Can You Build Muscle Without Weights?

While lifting weights is highly effective for building muscle, it's certainly not the only way. Using your body weight as a source of “resistance” is a great substitute for free weights like a barbell or dumbbell. As discussed earlier, bodyweight exercises, like weight training, can induce all three muscle-building mechanisms: mechanical tension, muscle damage, and metabolic stress.

Several studies have shown that low-load, high-volume resistance training (e.g., high-rep bodyweight exercises) can be as effective for muscle-building as high-load, low-volume resistance training (e.g., heavy weightlifting) [2]. However, muscle-building through bodyweight training isn't as simple as performing the exercises. It's also about progressive overload: Gradually increasing the intensity and difficulty of each bodyweight exercise to exert greater demands on your muscles over time.

This prevents your muscle groups from becoming too comfortable with the status quo, so to speak. By repeatedly challenging your muscles to do more work, you give them the necessary stimulus to continue growing.

6 Tips for Using Your Own Body Weight to Build Muscle

To get the most out of your bodyweight workouts for increased muscle mass, we've put together a list of tips:

1. Increase Your Training Volume

Increasing your training volume is an effective way to progressively overload your muscle groups [3]. You can do this by performing more bodyweight exercises in one session and/or increasing workout frequency. However, it's best to increase your training frequency at a moderate pace to prevent overtraining. If you currently train 3 to 4 times per week, try adding an extra workout for a few weeks and see how your body responds.

2. Don't Rush the Eccentric Phase of Muscular Contraction

Slowing down is highly recommended for the eccentric phase of an exercise. Research suggests eccentric contractions are linked to a faster rise in protein synthesis than concentric movements during resistance training [4].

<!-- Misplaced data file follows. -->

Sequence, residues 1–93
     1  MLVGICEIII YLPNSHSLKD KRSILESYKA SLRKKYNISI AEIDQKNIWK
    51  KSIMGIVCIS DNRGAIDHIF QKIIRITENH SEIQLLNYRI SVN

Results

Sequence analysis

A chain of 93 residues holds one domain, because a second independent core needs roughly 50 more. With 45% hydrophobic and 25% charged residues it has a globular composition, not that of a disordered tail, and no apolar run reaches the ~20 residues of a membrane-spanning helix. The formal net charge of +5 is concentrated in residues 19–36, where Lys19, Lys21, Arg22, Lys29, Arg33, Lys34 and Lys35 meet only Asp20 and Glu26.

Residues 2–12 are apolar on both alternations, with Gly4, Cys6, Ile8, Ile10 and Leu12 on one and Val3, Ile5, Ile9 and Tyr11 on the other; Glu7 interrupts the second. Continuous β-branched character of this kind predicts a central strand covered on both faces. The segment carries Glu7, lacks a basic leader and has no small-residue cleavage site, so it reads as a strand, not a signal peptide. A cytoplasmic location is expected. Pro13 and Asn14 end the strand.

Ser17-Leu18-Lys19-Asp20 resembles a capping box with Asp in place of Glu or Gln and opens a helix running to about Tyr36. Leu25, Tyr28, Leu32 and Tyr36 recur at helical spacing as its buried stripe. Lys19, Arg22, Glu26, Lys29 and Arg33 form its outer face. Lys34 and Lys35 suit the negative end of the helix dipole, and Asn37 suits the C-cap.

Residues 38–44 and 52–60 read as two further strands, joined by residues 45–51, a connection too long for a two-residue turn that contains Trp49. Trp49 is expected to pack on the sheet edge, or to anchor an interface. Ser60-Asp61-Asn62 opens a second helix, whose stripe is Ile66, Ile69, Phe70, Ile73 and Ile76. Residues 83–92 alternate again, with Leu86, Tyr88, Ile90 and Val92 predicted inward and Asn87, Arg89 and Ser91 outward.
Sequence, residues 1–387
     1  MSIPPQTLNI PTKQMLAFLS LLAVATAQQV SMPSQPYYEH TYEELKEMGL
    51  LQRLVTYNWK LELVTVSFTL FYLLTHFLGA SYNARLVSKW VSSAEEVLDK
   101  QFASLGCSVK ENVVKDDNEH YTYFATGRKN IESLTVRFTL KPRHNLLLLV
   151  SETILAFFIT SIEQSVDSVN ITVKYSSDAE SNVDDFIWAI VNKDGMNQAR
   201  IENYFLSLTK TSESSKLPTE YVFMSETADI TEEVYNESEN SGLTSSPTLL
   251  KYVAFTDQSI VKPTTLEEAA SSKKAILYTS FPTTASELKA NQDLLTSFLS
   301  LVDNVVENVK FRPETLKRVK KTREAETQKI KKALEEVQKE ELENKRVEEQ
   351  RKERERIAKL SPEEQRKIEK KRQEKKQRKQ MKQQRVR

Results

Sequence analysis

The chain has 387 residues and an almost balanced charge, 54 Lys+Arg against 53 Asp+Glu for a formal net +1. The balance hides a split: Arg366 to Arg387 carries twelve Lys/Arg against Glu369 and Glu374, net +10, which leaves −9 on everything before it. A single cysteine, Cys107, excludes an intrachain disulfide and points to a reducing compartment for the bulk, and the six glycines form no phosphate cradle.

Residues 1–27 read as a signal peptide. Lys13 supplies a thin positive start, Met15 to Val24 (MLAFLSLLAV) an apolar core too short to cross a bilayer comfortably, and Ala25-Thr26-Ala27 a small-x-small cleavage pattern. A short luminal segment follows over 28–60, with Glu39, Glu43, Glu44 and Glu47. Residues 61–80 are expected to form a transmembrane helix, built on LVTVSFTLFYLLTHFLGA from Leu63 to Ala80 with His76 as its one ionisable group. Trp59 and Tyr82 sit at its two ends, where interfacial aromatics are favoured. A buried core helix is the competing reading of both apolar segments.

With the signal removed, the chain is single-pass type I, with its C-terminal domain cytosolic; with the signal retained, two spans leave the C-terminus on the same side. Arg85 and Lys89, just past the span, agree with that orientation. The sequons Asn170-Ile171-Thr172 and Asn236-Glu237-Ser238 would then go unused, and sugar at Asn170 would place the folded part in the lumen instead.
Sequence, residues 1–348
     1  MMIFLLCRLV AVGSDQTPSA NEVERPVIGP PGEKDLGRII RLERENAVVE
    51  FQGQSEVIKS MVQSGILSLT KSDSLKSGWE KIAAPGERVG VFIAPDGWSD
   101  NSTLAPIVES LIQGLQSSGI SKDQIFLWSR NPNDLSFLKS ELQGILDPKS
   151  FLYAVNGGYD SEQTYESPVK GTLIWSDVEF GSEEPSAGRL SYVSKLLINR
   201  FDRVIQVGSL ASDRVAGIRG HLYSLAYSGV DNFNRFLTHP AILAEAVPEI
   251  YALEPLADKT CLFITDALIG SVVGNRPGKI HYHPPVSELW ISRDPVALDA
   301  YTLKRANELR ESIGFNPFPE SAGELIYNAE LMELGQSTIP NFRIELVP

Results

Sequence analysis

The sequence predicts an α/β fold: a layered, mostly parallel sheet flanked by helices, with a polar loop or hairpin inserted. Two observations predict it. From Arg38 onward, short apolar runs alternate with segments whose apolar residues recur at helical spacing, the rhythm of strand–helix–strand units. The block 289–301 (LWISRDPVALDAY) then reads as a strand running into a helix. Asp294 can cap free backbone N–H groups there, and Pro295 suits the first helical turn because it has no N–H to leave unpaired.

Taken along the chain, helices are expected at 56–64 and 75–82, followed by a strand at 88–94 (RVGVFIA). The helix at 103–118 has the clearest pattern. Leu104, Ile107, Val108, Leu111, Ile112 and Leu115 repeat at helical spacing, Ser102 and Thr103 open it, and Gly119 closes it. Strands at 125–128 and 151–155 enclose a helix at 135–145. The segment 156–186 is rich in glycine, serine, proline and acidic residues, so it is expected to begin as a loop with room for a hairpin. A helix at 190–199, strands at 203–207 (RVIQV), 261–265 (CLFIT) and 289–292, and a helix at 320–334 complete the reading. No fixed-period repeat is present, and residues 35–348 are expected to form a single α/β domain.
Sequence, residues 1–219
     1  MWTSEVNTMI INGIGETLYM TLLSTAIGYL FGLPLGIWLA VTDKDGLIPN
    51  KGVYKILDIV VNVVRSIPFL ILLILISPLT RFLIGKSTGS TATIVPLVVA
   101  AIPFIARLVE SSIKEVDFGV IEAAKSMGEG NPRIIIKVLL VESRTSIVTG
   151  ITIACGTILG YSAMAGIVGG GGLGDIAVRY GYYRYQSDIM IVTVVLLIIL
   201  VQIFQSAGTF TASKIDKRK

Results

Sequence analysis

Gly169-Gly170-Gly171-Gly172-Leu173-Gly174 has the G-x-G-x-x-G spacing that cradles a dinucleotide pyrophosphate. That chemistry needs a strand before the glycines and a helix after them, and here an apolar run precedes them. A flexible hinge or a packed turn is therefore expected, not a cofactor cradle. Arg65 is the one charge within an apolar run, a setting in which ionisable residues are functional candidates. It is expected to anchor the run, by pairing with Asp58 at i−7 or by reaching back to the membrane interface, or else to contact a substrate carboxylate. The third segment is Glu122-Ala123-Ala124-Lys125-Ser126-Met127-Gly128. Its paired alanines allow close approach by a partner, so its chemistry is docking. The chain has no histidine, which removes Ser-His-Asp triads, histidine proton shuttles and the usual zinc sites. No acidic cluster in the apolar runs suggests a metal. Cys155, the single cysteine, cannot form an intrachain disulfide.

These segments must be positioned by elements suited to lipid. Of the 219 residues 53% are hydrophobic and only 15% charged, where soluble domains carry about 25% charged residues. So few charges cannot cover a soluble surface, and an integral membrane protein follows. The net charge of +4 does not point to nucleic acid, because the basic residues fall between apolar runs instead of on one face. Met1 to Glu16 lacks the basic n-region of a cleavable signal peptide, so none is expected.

Try to use a controlled tempo with each repetition that emphasizes the eccentric contraction for 1-2 seconds. For example, when doing pull-ups, try to perform the concentric phase in an explosive fashion, then pause at the top before slowly lowering your body back to the starting position.

3. Try Different Variations

It's normal for your body to get used to the exercises over time. Maybe the bodyweight squat no longer feels as challenging as before, and pull-ups are just routine movements now.

This is the perfect time to introduce different variations of the same exercises. The increased difficulty of your workout will act as a form of progressive overload, so you continue to challenge your muscle groups. It will also increase mechanical tension and microtrauma in the tissue of your body muscles to stimulate further growth.

To add different variations to your workout routine, you can:

  • Change the exercise angle: Doing the same exercise from a different angle is a great way to target underdeveloped muscle groups for a balanced physique and improved strength. For instance, decline push-ups can emphasize the triceps and lower pectoralis major than standard push-ups.